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Stephen Beal
George Lawson Gallery, Culver City, California
Preview by Mario Cutajar

Stephen Beal amplifies the minutest and seemingly inconsequential gesture in work dedicated to doing so mindfully.


Continuing through April 13, 2013


In 1971 John Baldessari filmed "Six Colorful Inside Jobs," which consists of an overhead shot of a journeyman house painter painting the walls of a closet-size room in primary and secondary colors over the course of six days, one color over the other. In the same time span that Biblical authority claims it took God to create the world, Baldessari's house painter alter ego first buried the default white of the bare walls, and then applied succeeding layers of fresh paint, simultaneously adding and erasing in a potentially endless progression. 


Baldessari was a leader but hardly unique in laying stress on the performative aspect of painting. If anything, from Yves Klein to Paul McCarthy, the act of painting has been subjected to a progressive desublimation that has reduced its performative options to tiresomely repeated acts of public besmirching. This tendency equates performative intensity with aggression. In its infancy it resonated with broader countercultural transgressions aimed at questioning assumptions of patriarchal authority. Today, after endless variations, it has come to signify that authority itself and its bottomless appetite for gross spectacle.


In this context, the value of a steadfast, low-key performer like Stephen Beal is to reacquaint one with the intensity of steadfastness itself, in particular Beal's ability to amplify the minutest and seemingly inconsequential gesture through repetition. This is how most of us leave our mark on the world, for the most part unconsciously. Beal has dedicated himself to doing it mindfully.


Because Beal's algorithmically generated monochromes and all-over patterns require both discipline and fastidiousness as well as an appreciation of repetition as rhythm, they inevitably provoke, by way of appreciation, recourse to the by-now hackneyed vocabulary of Eastern meditation practices, whose exoticism once succored the residue of the contemplative impulse that remained in Western art after Pop and minimalism banished depth. To me, however, Beal's scribed surfaces seem more closely related to well-turned joinery or marquetry, particularly in the case of the works collectively entitled "The Linens," in which unpainted areas of bare linen alternate with precisely delineated passages of translucent white.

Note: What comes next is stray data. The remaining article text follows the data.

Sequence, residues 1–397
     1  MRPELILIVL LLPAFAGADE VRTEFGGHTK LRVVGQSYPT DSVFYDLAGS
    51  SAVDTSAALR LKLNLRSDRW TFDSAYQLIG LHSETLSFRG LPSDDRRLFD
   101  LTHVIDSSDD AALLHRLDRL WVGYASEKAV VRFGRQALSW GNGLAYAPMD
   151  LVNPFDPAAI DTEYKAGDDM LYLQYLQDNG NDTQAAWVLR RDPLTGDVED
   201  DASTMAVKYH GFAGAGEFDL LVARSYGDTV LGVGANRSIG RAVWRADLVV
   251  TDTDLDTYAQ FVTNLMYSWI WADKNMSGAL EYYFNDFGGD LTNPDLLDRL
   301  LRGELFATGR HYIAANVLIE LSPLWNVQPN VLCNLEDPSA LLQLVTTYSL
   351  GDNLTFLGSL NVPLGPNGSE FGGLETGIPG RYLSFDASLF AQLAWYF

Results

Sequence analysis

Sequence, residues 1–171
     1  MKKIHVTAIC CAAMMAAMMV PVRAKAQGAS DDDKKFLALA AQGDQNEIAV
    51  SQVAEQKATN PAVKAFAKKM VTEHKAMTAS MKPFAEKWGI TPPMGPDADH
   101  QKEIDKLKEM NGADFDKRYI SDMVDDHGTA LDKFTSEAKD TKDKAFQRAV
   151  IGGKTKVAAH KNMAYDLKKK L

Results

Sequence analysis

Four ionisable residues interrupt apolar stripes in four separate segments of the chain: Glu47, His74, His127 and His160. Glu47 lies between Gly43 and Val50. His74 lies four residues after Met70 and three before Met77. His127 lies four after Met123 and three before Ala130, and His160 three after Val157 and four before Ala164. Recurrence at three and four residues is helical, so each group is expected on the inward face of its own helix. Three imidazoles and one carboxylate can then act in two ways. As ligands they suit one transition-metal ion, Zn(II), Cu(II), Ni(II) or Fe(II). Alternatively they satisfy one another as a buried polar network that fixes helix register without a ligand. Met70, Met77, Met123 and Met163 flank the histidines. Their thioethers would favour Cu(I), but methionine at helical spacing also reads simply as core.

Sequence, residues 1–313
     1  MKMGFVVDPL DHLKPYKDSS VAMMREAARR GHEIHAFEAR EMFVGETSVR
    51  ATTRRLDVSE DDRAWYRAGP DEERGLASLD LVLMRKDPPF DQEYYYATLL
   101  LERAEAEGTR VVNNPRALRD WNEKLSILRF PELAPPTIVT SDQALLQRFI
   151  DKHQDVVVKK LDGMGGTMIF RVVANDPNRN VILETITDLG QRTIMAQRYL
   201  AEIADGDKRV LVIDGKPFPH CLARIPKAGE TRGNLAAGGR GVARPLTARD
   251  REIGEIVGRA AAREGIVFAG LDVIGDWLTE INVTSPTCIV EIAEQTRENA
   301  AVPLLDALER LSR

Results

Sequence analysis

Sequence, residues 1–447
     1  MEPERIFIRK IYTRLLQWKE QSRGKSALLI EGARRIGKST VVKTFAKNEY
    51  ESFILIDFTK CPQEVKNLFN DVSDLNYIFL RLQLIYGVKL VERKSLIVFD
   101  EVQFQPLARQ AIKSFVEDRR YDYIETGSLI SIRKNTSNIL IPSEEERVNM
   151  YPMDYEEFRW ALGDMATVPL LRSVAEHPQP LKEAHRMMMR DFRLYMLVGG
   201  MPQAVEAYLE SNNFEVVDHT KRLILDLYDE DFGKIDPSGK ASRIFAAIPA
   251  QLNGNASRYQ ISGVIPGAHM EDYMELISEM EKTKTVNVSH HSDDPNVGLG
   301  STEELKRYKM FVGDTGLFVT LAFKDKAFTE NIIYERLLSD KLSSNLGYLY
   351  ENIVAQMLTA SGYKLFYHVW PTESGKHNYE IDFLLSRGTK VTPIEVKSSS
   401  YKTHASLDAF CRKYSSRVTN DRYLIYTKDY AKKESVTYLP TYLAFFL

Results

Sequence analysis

Visually dazzling in their play of earthiness against luminosity, what makes them compelling is the analogy they set up between the translucency of the applied paint and the transparency of their fabrication, with un-erased pencil lines peering through the paint to reveal the solid logic that underlies their patterning. While the visual rhythms may suggest musical performance, the translucency brings to the stage a dignity peculiar to people whose persistence is revealed in their exacting craft and, specifically, in the grace and mindfulness they bring to repetitive motions that might easily be dismissed as drudgery. (This sympathy that enables some artists to apprehend their commonality with manual workers goes at least as far back as Courbet and is beautifully staged in Gustave Caillebotte’s "The Floor Scrapers," where the brushiness of the Impressionist mark doubles as the parallel streaks produced by the workmen on the wood floor.)


With the series “The Whites,” we are in the realm of the white monochrome, which has exercised an enduring fascination on painters, perhaps because white, besides being the most luminous of pigments, is also the ground on which all paintings are built (and on which they hang). It is the color that seems most closely associated with emergence.  In his take on the white monochrome, Beal seems to emphasize the materiality of the pigment via the variability of its power of coverage. Rather than produce an undivided surface that can function as a screen (as Rauschenberg’s white canvases were able to do and as the default white of the white cube does), Beal’s white is a clay-like fluid that pools unevenly and produces a mottled surface on which he inscribes patterns that are suggestive of tile work. Thus, the seeming self-organization of the uneven white is contrastingly paired with the deliberate articulation imposed by the elaborate grids. The performance on view is yet another variation on mindful matter-of-factness. But the visual effect leans more markedly toward decoration by virtue of its all-over symmetry. Seen in reduced format as jpegs, the patterning is reduced to an overly simplified surface effect; these are paintings that have to be viewed live in order for the timbre of their performance to register.

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